Many years ago I had an interesting conversation with Greg Morden, who was about 14 years old and a very useful worker with the Oakville Journal Record. He was the son of a funeral home owner. He pointed out that many people really don't accept the death of someone until they actually see the body. That does make sense, but is not always possible and I would argue not necessary. I mention that because it did impress me at the time and I still see some merit, especially in a world where people do not feel comfortable talking about issues surrounding death. Funerals are in one sense for the living, the ones left behind, but I also believe the dead person has a right to decide how they want to depart.
A few years ago, my brother in law, Ali died while visiting relatives in Morocco. This created a problem for my sister, Rebecca and her daughter, Samia as they were in Montreal going about their regular affairs. In Muslim tradition the body has to be buried the same day as their death. With the help of Samia's boyfriend, now husband they arranged a flight to Morocco and were able to attend the burial along with their other daughter, Leila who was already there. I don't know the details, but assume he was buried in a shroud, not a casket.
A few weeks later most of my siblings assembled in Montreal to comfort my sister and her two daughters. There was a memorial service that included some cousins and some of Ali's family that lived in the Montreal area. I watched some Muslim rituals and it gave some sense of closure. Ali was someone I had come to both respect and admire. His death was a shock to me.
I have long been offended with the concept of embalming and the reasoning behind it. It is our last appearance and we and our survivors want us to look as good as possible. Mostly they wear their best clothes and their skin is as normal as possible. A few have made a statement such as wearing motorcycle gear, that surprised me. A few criticisms would include that it is not "natural" and the chemicals required to put on the show are toxic. They are a poor man's way to mummify the body.
Very powerful Egyptian rulers were mummified. I have seen one at the Royal Ontario Museum. To me the notion seems very delusional. Inevitably the body does deteriorate, but over a much longer period of time (in terms of human awareness). It is man trying to defy reality.
Cremation when I was young was unheard of. I stumbled on the practice when reading about Gandhi. Later I learned some of the traditions and still later more of the details. It has become mainstream in North America. Some object to embalming, some to the expense of traditional funerals and some like the romantic notions of spreading the ashes over some significant land or water. Originally in India it was thought that burying bodies contaminated the soil. My obsession with Gandhi explained: http://www.therealjohndavidson.com/2012/08/gandhi-life-long-fascination.html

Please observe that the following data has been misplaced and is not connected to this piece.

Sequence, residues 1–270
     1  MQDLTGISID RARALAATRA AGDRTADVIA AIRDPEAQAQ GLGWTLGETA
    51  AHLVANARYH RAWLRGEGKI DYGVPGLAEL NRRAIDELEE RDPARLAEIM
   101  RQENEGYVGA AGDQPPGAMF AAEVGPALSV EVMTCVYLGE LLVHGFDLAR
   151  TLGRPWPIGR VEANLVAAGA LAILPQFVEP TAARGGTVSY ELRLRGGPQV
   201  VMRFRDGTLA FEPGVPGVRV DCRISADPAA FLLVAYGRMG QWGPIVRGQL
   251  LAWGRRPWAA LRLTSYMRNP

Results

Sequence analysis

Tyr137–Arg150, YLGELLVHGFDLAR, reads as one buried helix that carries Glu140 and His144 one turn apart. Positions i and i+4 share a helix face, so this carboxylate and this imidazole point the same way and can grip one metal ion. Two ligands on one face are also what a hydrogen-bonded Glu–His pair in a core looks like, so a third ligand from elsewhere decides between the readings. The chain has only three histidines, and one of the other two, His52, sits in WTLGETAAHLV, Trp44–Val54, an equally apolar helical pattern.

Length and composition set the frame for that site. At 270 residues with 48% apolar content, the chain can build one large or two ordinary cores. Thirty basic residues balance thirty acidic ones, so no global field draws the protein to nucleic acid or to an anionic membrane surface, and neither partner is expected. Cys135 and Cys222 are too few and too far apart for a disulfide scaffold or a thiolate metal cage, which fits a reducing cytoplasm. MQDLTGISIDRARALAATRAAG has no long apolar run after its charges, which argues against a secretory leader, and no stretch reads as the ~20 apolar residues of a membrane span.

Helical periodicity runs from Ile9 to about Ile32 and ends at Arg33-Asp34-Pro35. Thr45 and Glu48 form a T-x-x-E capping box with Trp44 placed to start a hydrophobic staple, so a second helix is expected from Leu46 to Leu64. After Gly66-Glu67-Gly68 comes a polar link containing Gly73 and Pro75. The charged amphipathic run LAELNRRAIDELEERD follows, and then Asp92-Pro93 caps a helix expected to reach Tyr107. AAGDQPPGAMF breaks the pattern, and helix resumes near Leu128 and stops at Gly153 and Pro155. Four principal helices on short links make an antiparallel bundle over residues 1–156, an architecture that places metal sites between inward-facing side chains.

Recently I revisited the Netflix series, "Six Feet Under" and this time saw it through to the end. Mostly it was dramatic stories of people who died and were disposed of traditionally with some variations. Embalming and cosmetics were a regular part of the series. As best they could the funeral staff did their best to present the deceased as pristine as possible. Towards the end of the series we first encountered a natural burial. In the last episode it seemed like the writers and producers were making a statement in favor of natural burials as a few of the main characters chose that method.
In my youth I learned of what seemed pretty radical practice in the Zorastrian (now Parsi) religion where dead bodies were exposed to large birds that would peck away and essentially eat the body. I have since learned that when the body (reaches) down to bones they use natural chemicals to dissolve the bones. This practice has continued among that religion overcoming a problem of the birds being killed by pesticides. It occurs not just in India, but also North America.
Our feelings about disposing of dead bodies is tied to our concerns for immortality. Some people felt that there could not be a resurrection without a whole body. Those who survived felt obligated to give their loved ones the best chance possible.
Mankind has always been fighting nature. We all do. We may come to feel the beauty of nature, but in countless ways we have always been fighting it.
To my way of thinking there are two concepts that humans cannot comprehend (I include myself) and they are infinity and eternity. Many of us have pictured a place where we continue on (heaven) and we aren't bored. Personally I am inclined to doubt these visions, but even more to be repelled by the notion. Eternal bliss seems undesirable like a drug induced stupor.
An alternative vision is based on the concept that nothing in existence can be destroyed, but only transformed. Water can be a solid (ice), liquid (water) or gas (vapors). Vegetation breaks down and becomes compost. Bodies do as well. Your immortality is there--you were assembled from all sorts of physical entities and has been transformed by the food you eat, the air that you breathe and how you take care of your body. Your body provides food for bacteria, insects and yes, worms. They in turn are food for bigger animals. Perceptions and ideas are imbibed and some passes on.
How would you like to fit into all this? to me the natural way makes the most sense. The environment is meant to dispose of your body. As for you when you understand eternity how long would you like to live your perception of yourself? Well you don't have a choice, but if you did wouldn't it be more satisfying to think you have been transformed than locked in a box